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(un)Fair Trade

The Fair Trade concept was pioneered by missions groups and non-profits back in the early ‘40s. The idea is that if a product is produced with Fair Trade practices, one can assume it was created “fairly”. This concept has become a household term due to the proliferation of corporate transparency caused by the internet boom in the early ‘90s.

However, there has been some speculation as to whether Fair Trade is actually bolstering sustainable growth or just allowing for a new marketing ploy for Fair Trade certified businesses. In many cases, the new wages are just a fraction higher than what it was before, and typically still far below the market value of the product.

In many cases, Fair Trade seems to be (at best) merely making business “better than it was”. While I do believe Fair Trade is positive and necessary, I also believe it’s time to move beyond it.

This calls for pricing that is determined by the market value of a product rather than just what you can buy it for. If a boutique sells a product for $200, that would indicate that it was purchased for about $100 from a wholesaler that bought it for $50 from the artist. But that’s far from typical. A product like this is more likely to be purchased for closer to $5-$10 in a place like Rwanda or Kenya.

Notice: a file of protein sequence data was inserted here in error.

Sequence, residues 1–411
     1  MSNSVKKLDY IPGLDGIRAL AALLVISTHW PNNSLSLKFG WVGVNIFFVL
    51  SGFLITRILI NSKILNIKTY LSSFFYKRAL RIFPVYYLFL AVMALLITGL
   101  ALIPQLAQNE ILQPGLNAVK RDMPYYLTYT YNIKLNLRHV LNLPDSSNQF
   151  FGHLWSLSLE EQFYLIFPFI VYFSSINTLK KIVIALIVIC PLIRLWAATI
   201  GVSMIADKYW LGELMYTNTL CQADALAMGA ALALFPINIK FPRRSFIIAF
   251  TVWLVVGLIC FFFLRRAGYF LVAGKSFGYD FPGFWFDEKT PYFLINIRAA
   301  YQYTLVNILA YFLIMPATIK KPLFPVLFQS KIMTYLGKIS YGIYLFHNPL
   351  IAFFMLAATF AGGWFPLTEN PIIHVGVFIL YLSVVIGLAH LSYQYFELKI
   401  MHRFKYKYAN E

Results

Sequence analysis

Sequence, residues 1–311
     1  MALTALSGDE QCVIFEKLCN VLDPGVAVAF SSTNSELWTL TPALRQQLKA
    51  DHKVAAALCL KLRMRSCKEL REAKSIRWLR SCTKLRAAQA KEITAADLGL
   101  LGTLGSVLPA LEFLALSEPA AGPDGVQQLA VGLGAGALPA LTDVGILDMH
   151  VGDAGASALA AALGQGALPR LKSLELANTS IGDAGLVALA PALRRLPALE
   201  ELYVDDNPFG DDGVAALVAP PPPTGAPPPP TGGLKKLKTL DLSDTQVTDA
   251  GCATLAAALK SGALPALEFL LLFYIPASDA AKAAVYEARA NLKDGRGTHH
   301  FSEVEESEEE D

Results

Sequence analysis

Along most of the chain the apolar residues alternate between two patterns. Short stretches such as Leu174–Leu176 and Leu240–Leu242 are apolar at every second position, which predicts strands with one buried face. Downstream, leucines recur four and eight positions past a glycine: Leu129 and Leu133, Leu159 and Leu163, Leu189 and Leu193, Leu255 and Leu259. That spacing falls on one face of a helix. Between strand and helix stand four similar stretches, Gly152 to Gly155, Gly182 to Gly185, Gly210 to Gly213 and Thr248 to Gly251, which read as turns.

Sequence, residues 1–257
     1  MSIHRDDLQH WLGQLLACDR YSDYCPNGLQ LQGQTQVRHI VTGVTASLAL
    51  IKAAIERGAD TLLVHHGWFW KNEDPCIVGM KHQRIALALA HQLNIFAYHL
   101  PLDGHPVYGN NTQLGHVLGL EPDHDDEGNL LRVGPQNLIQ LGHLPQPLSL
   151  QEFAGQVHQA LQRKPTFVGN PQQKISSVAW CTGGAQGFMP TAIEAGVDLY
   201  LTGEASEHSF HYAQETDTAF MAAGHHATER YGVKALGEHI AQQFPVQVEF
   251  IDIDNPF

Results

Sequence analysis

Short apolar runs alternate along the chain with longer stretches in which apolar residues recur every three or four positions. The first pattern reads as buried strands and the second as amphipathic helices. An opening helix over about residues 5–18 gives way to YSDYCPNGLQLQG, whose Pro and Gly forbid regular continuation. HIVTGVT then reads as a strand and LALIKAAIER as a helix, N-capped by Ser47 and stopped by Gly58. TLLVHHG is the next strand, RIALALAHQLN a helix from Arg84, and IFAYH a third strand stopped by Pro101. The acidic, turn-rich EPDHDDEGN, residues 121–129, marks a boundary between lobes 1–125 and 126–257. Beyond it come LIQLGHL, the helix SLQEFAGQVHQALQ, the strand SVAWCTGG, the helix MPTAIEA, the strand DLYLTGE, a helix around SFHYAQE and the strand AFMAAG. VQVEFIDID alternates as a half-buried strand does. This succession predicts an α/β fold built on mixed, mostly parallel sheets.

But we have the opportunity to change that dynamic. If we pay according to the market value of the product, we still experience great margins, the artist receives a “fair” price for their product, and the retail margin isn’t affected. And this raises the bar for what buyers are expected to pay in developing countries. This seems like a logical scenario doesn’t it? Anything less just seems…unfair.

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